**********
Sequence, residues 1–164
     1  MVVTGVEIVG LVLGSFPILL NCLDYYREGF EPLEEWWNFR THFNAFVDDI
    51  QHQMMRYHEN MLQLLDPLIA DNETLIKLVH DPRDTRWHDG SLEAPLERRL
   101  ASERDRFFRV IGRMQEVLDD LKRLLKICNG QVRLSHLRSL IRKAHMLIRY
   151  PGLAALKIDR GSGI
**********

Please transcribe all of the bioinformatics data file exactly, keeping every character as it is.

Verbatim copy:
Sequence, residues 1–164
     1  MVVTGVEIVG LVLGSFPILL NCLDYYREGF EPLEEWWNFR THFNAFVDDI
    51  QHQMMRYHEN MLQLLDPLIA DNETLIKLVH DPRDTRWHDG SLEAPLERRL
   101  ASERDRFFRV IGRMQEVLDD LKRLLKICNG QVRLSHLRSL IRKAHMLIRY
   151  PGLAALKIDR GSGI